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Report details enduring flaws in State Dept. diplomatic security

Review panel also raises security concerns about the diplomatic building program abroad

WASHINGTON — A confidential government report obtained by Al Jazeera’s Investigative Unit sharply criticizes the U.S. Department of State’s diplomatic security operations and raises serious concerns about an elaborate embassy construction program overseas.

The report, prepared by a six-member panel of veteran security and foreign service experts, said the department’s most important security arm, the Bureau of Diplomatic Security (DS), operates much like a lone wolf. The panel said that DS, also referred to as the Diplomatic Security Service, often withholds vital information from other department bureaus concerned with the security of overseas personnel.

"Some of this is attributed to ‘law enforcement sensitive’ issues," the panel wrote, "but other security information that enhances understanding, cooperation, and coordination should be widely disseminated in a timely way." DS as an organization, the panel said, "has not always been quick to adapt, or been innovative in dealing with overarching strategic foreign policy issues. The culture must be modified."

The panel, created by the State Department in the aftermath of the attack on the special mission in Benghazi, Libya, in September 2012, said the State Department must get its act together or face serious consequences. Referring to previous attacks on U.S. missions, the panel members wrote, "Delay and denial are not options. There will be a next Nairobi, or a Benghazi, and DS and its Department partners must do everything to be ready. Lives are at stake."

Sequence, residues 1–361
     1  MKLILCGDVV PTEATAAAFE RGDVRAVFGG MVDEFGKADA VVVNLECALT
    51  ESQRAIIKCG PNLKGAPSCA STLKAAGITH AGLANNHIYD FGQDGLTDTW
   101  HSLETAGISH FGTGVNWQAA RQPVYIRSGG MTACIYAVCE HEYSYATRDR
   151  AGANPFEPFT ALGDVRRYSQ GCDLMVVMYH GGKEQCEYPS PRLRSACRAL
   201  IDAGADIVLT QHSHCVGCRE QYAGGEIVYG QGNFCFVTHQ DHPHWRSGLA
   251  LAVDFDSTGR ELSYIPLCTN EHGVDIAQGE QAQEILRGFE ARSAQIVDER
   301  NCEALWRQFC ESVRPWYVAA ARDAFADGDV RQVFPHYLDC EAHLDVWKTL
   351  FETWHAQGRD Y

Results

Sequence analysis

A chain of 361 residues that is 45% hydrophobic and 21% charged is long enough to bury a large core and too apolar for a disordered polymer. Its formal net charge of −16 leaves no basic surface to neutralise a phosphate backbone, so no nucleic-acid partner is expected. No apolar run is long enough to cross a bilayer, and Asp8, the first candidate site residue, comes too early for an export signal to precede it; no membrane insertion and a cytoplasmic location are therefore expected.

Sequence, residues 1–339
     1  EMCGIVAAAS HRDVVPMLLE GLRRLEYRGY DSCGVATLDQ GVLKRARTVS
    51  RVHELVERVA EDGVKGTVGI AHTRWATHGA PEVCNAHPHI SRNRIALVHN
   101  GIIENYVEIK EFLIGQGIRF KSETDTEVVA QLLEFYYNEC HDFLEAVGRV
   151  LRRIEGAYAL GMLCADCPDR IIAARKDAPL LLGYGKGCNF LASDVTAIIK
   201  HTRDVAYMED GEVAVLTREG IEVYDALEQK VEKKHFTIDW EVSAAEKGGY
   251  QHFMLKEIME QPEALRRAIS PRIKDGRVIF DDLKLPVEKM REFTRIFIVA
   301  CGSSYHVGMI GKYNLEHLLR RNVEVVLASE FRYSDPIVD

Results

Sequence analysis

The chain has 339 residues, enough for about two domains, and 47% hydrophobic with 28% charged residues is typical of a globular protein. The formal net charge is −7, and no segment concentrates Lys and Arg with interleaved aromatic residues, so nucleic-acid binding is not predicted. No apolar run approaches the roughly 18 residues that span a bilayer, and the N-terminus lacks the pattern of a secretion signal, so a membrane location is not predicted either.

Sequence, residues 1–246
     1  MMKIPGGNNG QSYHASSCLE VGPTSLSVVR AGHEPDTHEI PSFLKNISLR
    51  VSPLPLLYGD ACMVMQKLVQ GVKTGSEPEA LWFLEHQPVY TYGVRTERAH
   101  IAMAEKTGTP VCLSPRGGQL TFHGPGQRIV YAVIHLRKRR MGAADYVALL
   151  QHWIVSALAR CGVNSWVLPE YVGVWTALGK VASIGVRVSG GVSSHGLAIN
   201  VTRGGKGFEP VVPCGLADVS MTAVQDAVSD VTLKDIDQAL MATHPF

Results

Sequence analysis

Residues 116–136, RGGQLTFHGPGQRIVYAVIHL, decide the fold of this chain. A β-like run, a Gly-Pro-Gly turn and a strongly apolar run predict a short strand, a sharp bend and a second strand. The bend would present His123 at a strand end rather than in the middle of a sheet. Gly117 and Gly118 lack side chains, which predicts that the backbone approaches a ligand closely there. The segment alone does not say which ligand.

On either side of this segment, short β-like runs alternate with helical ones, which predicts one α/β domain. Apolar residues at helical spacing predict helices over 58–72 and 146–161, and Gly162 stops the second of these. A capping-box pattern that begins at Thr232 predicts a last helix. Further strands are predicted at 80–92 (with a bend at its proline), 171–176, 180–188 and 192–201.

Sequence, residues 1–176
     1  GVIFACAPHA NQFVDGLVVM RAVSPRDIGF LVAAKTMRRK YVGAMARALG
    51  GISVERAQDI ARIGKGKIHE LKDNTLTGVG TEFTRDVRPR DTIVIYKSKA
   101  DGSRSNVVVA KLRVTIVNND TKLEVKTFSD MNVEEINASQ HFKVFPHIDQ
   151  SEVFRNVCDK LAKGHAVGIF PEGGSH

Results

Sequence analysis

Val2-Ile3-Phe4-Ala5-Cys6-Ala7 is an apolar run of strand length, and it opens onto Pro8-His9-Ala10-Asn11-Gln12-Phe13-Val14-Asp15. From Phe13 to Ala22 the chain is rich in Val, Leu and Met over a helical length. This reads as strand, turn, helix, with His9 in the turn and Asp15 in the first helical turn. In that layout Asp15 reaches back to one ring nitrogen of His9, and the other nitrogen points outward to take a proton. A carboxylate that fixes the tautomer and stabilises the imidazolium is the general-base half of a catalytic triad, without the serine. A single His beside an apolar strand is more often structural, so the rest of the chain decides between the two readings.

The panel also delivered a stiff jab to another State Department entity, the Bureau of Overseas Buildings Operations (OBO), which supervises the design and construction of U.S. facilities abroad. The bureau is pushing a new design and building program that, department officials said, enhances the appearance of overseas facilities but also provides essential security for the safety of U.S. personnel.

But, the panel saw things differently. Headed by Grant S. Green Jr., a former under secretary of state for management in the administration of President George W. Bush, the panel said that the new design program would likely increase the risks for overseas U.S. personnel. Fewer embassies would be built and design and construction of new facilities would take longer, the panel said, "leaving more personnel exposed in inadequate facilities for longer periods of time."